I was staying with an adventurer extraordinaire, a man who paddled the Barren Lands in the summer and had written a book and many articles about it. A man who was passionate about wild spaces and wild places and wildlife. He loved the north and the freedom it gave him to explore and live in peace. He loved his two sons and eventually, his new extended family.
Over the months we lived together, we got into a comfortable routine. He was a man of habits and cooked me supper every night. He always had some moose steaks or duck breast or a goose to cook for me. He always had to have salad and always had to have dessert. He had such a sweet tooth. Halloween candy bought on Tuesday wouldn’t last until Wednesday. Once I brought him a large jug of maple syrup from Nova Scotia. The next week I looked in his fridge and it was gone.
“What happened to the syrup?” I asked him.
“Oh,” he giggled, “I drank it all.”
Alex became one of my closest friends in Smith. When I moved out and into my own place, we still met every Thursday for supper and watched the TV show Survivor together. In winter, Alex and I went cross-country skiing and for walks with Coal. Alex was there for me through break ups and breakdowns and lent me his beautiful old Ford truck if I wanted to get out of town for an hour or five.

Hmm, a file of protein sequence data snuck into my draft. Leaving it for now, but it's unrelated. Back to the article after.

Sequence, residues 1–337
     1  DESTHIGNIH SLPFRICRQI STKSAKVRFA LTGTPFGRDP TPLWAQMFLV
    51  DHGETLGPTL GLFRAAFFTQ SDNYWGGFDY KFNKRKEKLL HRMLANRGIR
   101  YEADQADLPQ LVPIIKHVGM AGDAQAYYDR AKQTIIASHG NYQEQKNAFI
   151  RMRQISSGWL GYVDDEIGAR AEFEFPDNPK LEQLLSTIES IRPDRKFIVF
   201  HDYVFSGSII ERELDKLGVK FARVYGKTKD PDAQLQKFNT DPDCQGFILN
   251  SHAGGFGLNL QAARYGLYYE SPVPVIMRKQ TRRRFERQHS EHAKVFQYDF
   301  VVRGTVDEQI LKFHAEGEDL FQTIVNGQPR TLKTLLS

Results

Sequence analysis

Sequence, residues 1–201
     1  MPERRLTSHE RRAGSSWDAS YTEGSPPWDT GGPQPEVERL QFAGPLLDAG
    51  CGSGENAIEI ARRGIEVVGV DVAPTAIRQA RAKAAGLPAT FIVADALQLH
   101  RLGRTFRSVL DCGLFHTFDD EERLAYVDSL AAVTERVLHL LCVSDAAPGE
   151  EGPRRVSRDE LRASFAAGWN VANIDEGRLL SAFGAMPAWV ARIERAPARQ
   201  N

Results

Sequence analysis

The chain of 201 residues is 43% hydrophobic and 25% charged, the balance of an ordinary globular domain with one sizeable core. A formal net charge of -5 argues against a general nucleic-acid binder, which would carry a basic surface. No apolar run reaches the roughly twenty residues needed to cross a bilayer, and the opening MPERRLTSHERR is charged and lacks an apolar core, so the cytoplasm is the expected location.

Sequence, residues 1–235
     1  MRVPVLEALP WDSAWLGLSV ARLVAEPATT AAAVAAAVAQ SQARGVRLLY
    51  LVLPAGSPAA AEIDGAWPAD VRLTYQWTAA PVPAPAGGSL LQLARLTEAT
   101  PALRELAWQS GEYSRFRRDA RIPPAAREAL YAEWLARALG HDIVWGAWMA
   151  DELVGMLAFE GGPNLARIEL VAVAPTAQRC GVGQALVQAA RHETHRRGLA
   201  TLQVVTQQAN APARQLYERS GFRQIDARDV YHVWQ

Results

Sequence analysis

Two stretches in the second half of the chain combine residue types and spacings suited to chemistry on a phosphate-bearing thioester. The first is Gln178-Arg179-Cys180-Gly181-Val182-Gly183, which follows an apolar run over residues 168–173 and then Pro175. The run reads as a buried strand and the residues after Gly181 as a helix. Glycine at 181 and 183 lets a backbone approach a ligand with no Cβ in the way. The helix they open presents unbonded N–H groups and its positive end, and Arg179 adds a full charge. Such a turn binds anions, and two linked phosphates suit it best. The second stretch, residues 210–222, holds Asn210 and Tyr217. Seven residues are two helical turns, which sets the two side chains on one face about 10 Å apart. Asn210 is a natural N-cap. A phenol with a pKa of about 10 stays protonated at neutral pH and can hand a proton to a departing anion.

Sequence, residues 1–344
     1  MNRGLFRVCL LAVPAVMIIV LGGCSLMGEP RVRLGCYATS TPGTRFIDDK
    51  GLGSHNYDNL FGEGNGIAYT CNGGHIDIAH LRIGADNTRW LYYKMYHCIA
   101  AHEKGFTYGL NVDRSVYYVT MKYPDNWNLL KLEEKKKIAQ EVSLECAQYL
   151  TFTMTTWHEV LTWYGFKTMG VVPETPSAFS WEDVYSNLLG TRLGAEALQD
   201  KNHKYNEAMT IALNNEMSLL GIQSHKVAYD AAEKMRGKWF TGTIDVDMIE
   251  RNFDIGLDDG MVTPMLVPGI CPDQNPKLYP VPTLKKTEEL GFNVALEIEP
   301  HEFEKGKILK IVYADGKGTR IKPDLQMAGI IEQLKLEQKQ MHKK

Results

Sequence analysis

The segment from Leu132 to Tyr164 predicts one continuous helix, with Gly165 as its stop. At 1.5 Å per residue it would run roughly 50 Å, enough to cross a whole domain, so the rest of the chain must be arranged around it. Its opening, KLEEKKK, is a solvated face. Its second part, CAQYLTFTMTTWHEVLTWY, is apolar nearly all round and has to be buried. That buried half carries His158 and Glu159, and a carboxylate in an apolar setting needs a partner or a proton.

I hardly saw Alex in the summer. He had clients and was out on the land for four months. In the fall, he’d tell me stories of the grizzly bears he had seen and the wolf cubs he had taken photos of and the caribou herds that passed through the tundra. He called the Thelon “Eden” and would have spent all his time out there if it were humanly possible.
When I left Fort Smith for a new job in Vernon, B.C., it was Alex who dropped me off at the airport. We stayed in touch regularly and he was a diligent e-mail writer. He sent Christmas cards to me every year, no matter where I was. Each card featuring an amazing scene from Eden. There were muskoxen with their long gorgeous manes of hair blowing in the breeze or a sweet mamma wolf and her babies in a den dug into an esker.
Alex was uncomfortable in cities and when I picked him at his hotel in Edmonton last May, he wondered how I knew which traffic lights to follow. My husband Jason made us supper and I had made dessert, apple crisp, as I knew Alex would want something sweet afterwards. He told us though, that because of the cancer, his tastebuds weren’t the same and his appetite wasn’t what it used to be. He had a small bowl of crisp instead of a large one.
I saw Alex in Edmonton two more times in 2018. His sense of humour was unchanged and his laugh, that boyish giggle stayed the same. I didn’t know that November would be the last time I saw him. His cancer was in remission. He was happy, even if tired and struggling with his balance.
I’ll miss my friend and I know I’m not alone. We’ve lost a man who knows an extraordinary amount about nature and the water and land trails of the Thelon. His world out there has been changing for a few years now and without him, I hope it doesn’t disappear. He won’t, as his trips are forever in the memories of those who paddled with him and those who knew him. He’s a legend.